Originally aired in July 2019.
This week’s show is here to baste you in literary happiness. We hope you’ve got room on your shelf for some more holiday reads, because this week we have three striking writers. They all talk about connection and relationships, between individuals and within a community, but they take us on vastly different journeys in the making. These books will hit you wherever you’re living.
Kiese Laymon on Black Bodies in White America — 1:02
It all started innocently enough. Kiese Laymon — a professor at the University of Mississippi, already had a novel and a very solid essay collection under his belt. He got an idea for a book about his own struggle with food over the years, bouncing up to 319 pounds down to 165. But as he interviewed his mother, grandmother and others involved in his story, he realized that this book was more than just his relationship with body. It was also about the community he lives in and how he is seen (or in some cases not seen) by white America. Laymon’s celebrated memoir “Heavy” unpacks all the food and body issues, his relationship with his mother, and the weight of his experience being a black boy, and later a black man, in America. Laymon talks us through what led to this dazzling memoir and embracing the messiness.
Rosanne Parry Imagines a Backstory for OR-7 —19:24
“A Wolf Called Wander” spent many weeks this summer on The New York Times best-seller list for middle grade readers. It has little dialogue and tells the story of OR-7, the wolf who made Oregon history, traveling 1,000 miles to become the first wolf confirmed in Western Oregon since 1947. Writer Rosanne Parry was just as captivated as anyone in 2011 when biologists started tracking OR-7’s odyssey from the Wallowas, to the Rogue River Valley and beyond. She tells us how she went about telling a wolf’s story without sanding down his edges and falling into anthropomorphizing. If you’re curious about what’s going on with OR-7, check out reporter Jes Burns’ story about a collaboration between ranchers and environmentalists to try to keep OR-7’s family, the Rogue Wolf Pack, away from the Mil-Mar Ranch.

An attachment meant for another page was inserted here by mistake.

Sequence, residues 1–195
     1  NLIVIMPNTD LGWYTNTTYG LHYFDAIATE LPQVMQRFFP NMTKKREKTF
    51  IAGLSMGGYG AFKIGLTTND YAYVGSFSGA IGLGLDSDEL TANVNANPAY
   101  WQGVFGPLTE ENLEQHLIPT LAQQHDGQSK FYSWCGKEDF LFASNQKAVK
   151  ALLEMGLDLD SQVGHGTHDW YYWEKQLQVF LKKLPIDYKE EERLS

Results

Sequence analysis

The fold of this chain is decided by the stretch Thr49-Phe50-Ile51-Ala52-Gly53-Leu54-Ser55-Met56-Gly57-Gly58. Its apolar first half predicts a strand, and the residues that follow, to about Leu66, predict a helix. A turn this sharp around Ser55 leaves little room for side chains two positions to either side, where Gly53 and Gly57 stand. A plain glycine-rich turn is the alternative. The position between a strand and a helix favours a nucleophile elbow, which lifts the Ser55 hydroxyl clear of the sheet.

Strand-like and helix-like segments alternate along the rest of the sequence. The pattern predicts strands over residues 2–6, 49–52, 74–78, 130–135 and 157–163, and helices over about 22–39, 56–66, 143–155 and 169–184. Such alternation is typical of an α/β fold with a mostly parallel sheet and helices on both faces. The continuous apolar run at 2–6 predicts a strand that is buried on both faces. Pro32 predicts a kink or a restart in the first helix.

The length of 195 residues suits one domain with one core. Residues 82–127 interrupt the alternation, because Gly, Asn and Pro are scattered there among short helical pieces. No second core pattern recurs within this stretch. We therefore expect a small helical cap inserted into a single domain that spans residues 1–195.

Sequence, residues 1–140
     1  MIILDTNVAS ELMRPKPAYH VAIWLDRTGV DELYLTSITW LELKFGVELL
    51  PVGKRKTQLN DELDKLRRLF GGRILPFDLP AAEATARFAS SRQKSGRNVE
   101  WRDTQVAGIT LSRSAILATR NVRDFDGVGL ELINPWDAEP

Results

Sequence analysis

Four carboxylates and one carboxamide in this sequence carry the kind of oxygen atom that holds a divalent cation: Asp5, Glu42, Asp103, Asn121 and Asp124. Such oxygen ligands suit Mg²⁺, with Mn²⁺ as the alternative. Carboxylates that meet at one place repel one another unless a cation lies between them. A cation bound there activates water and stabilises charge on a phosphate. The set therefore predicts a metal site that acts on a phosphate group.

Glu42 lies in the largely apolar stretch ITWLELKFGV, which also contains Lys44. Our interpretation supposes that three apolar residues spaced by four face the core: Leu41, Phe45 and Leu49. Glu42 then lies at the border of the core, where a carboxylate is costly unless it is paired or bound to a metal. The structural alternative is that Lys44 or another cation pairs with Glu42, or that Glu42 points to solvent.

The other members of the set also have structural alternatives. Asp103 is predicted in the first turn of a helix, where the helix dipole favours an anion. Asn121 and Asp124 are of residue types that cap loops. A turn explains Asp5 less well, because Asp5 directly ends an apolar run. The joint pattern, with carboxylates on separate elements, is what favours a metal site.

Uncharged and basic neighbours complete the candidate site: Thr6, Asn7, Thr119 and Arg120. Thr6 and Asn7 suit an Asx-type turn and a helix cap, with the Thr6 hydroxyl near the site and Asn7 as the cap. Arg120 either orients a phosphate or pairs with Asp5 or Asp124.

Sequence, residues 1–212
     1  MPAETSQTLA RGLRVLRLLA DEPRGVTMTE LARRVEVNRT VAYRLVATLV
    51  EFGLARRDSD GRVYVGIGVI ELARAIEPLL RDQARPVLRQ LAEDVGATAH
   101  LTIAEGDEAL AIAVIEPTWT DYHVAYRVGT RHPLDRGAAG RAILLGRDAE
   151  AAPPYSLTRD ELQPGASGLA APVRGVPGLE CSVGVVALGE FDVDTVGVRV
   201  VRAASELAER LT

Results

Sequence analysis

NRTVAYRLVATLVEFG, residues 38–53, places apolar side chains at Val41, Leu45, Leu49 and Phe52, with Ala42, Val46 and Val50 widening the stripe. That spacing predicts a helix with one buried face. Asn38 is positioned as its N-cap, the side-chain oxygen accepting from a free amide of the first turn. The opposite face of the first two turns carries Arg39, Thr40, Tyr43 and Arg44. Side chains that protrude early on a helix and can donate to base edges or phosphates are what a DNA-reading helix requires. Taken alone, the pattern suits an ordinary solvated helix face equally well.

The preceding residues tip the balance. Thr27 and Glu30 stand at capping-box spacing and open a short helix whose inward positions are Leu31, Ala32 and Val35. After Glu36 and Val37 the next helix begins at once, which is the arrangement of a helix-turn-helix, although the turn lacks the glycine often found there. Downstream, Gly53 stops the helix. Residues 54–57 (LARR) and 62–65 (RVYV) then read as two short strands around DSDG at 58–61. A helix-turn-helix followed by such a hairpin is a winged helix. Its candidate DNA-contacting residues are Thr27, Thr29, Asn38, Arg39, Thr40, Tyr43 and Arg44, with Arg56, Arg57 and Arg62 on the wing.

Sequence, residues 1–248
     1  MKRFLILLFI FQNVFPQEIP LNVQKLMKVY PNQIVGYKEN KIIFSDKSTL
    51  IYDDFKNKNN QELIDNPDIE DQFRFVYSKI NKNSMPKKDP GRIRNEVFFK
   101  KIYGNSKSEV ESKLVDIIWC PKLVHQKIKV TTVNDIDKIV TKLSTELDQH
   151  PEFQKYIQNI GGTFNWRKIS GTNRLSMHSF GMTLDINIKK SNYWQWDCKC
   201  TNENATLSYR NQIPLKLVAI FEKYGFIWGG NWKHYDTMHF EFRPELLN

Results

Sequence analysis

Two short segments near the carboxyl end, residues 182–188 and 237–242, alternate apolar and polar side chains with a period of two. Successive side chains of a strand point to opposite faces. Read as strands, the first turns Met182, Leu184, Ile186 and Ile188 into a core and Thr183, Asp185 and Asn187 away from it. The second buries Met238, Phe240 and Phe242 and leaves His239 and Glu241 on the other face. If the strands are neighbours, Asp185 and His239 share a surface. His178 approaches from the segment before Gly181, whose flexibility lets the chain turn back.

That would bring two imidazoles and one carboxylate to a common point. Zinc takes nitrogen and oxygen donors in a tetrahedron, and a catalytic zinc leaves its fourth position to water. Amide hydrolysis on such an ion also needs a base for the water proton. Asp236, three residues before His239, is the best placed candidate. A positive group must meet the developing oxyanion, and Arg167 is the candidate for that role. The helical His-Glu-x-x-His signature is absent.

Ted Chiang Releases His Second Book in 17 Years —36:53
This summer readers were treated to a major event: a new book from science fiction writer Ted Chiang. His last collection in 2002, “Stories of Your Life and Others,” contained the short story that was later adapted into Academy Award-winning movie “Arrival” (2016). In his newest collection, “Exhalation,” Chiang’s mind-blowing, gorgeously crafted short stories explore how humans confront mystery — both the technological and natural varieties. He gave us a rare interview in June. By the way, in case you’re wondering about the writer to whom Chiang says he’s so deeply indebted, it’s Oregon’s own Molly Gloss. She’s just published a career retrospective, “Unforeseen”.